From the jazz bars of New Orleans to restaurants and kitchens across the country, oysters are the essential food of coastal culture in the USA. People there devour 2.5 billion oysters every year. Whether grilled, fried, or slurped raw on the half-shell, it all adds up to a lot of oyster shells - a resource taken from the sea and rarely returned.
Now those shells are being recycled to help rebuild oyster reefs and restore coastal wetlands. In little more than a year, a programme operated by the Coalition to Restore Coastal Louisiana (CRCL), a non-profit organisation, and funded by Shell has collected just over a thousand tonnes of shells from restaurants to place along the shoreline. That’s enough to fill more than 88 dump trucks and makes the programme the largest of its kind in the USA.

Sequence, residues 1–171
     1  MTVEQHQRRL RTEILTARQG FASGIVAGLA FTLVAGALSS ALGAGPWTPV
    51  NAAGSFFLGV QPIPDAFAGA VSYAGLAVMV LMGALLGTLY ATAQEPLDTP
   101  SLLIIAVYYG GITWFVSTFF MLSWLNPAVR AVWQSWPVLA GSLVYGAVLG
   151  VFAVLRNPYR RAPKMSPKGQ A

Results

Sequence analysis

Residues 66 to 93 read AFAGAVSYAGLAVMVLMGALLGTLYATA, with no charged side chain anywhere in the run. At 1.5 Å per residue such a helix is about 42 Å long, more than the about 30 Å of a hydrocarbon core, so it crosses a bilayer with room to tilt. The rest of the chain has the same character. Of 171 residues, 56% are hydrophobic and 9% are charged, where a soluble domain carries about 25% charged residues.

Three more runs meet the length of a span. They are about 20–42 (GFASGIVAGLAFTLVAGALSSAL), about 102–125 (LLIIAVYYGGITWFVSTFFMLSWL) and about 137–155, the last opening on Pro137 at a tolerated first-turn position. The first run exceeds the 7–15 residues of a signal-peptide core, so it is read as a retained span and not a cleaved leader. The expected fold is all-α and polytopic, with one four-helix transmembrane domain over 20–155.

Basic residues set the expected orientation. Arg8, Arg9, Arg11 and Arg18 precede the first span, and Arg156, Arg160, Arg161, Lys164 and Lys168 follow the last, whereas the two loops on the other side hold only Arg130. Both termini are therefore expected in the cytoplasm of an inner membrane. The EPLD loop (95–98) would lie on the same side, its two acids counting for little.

This winter, volunteers will stuff the sun-bleached shells into mesh bags and deposit them along the coast.
Louisiana is home to 40% of the country’s wetlands and oysters are important natural engineers of this environment. “The baby oysters like to cling to other oyster shells,” explains Nick Collins, a fourth-generation oyster farmer who tends the family reefs alongside his father and brothers. “They clump together into reefs.”
Oyster reefs trap sediment. This helps create shallow marshes and estuaries—the nurseries for one of North America’s largest commercial fisheries and refuge for more than 5 million migratory birds. The wetlands also help shield homes, businesses and ports on Louisiana’s storm-lashed coast.